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How many Americans bought homes during the pandemic?

An estimated 3 million Americans bought homes since the beginning of the pandemic. Here’s what happened and what buying behavior may look like in the future.

TM

Tara Mastroeni

9/12/2022 · 2 min read

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Key takeaways

  • An estimated 3 million people bought homes since the beginning of the pandemic.

  • Lower interest rates contributed to the buying spree.

  • Now that rates are on the rise, we may see the market cool down accordingly.

Surprisingly, despite layoffs and an economic recession, the number of Americans who own a home has increased dramatically since the pandemic. What caused this buying spree, and can we expect it to continue?

How many Americans bought homes during the pandemic?

As of August 2022, according to the latest housing inventory data available from the Federal Reserve Bank of Saint Louis, there were approximately 84.2 million owner-occupied housing units in the United States. That number is up from approximately 81.2 million in the first quarter of 2020.

Those numbers suggest that there are around 3 million more homeowners in America now than at the beginning of the pandemic. 

What’s behind the buying spree?

The surge in homeownership can be partly attributed to the lower interest rates that followed the COVID-19 recession. 

As pandemic fears mounted, many businesses were forced to close or lay off workers, investors pulled money out of their investments, and consumers spent less. So as part of its attempt to stabilize the economy, the Federal Reserve began lowering interest rates, which helped make borrowing and spending more affordable.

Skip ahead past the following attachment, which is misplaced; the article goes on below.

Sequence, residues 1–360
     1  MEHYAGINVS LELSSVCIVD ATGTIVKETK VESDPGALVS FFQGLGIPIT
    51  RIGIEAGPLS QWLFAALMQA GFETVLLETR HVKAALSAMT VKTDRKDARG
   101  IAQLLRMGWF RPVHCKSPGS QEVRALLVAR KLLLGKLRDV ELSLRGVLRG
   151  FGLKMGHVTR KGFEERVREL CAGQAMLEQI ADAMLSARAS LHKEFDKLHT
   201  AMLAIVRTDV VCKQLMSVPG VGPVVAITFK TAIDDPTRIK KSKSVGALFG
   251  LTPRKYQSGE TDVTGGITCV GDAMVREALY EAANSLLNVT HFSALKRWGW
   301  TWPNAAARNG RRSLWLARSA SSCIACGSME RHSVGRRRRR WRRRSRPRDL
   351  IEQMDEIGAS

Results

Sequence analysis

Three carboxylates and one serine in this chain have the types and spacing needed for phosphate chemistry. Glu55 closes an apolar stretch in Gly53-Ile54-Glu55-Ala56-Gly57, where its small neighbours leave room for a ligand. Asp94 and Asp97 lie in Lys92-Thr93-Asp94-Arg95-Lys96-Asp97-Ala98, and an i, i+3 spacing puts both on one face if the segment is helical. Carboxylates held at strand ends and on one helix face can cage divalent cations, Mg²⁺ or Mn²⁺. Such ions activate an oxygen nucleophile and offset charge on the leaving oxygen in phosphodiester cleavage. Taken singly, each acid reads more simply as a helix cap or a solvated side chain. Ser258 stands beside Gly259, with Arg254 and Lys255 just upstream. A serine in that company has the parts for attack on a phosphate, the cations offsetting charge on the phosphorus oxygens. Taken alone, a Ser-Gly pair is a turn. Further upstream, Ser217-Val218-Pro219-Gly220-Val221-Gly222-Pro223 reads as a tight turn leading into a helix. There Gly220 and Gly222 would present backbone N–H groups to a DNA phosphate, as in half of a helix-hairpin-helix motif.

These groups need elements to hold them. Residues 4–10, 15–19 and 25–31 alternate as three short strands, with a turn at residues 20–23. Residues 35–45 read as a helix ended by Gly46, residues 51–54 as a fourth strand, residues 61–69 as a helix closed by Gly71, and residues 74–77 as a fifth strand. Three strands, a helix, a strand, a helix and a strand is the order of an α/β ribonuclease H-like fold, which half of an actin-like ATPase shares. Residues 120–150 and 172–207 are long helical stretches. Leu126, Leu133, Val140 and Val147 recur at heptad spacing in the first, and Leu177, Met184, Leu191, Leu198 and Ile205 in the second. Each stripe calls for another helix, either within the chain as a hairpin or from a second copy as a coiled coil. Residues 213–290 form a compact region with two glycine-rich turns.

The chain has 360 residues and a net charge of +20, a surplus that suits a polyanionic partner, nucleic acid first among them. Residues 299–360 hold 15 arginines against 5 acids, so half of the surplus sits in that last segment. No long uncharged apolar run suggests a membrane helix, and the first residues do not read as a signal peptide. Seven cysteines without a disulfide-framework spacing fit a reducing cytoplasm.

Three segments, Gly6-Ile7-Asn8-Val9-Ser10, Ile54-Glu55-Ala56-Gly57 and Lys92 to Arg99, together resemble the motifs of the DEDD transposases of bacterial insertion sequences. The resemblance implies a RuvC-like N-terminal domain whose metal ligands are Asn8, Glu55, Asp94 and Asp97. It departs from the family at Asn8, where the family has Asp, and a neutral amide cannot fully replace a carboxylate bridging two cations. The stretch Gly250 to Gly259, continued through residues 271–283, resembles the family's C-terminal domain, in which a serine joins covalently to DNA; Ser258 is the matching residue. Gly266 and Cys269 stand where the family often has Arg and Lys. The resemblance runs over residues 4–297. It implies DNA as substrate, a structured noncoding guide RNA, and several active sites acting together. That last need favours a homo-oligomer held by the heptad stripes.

With interest rates at historic lows, more people could afford to buy a home. Even with nationwide-low inventory levels and fierce competition for available properties, some folks could afford to pay record-high home prices. 

What kind of buying behavior can we expect in the future?

As home prices continued to soar through 2021 and inflation fears set in, the Federal Reserve began raising rates to curb inflation. To date, the Federal Reserve has imposed 4 rate hikes this year with more expected in the coming months. As interest rates climb, owning a home is becoming less affordable for many people. Some are shopping for homes at a lower price point while others are exiting the market entirely.

It’s difficult to forecast where rates may go in the coming years. But in the near future, they’ll likely continue to trend upward which may make the red-hot real estate market we’ve seen over the last few years start to cool down.

This content is meant for informational purposes only and is not intended to be construed as financial, tax, legal, or insurance advice. Opendoor always encourages you to reach out to an advisor regarding your own situation.

TM

Tara MastroeniAuthor

Tara Mastroeni is a real estate and personal finance writer. Her work has been published on websites such as Forbes Advisor, Business Insider, and The Motley Fool. She has also been featured as a subject matter expert on Innovators with Jane King and the American Trends podcast.

JG

Jena GreeneEditor

Jena Greene is the Managing Editor at Opendoor. She covers real estate, personal finance, money management, and market best practices. Jena is passionate about empowering people to find their dream homes and making the home-buying process a delightful one.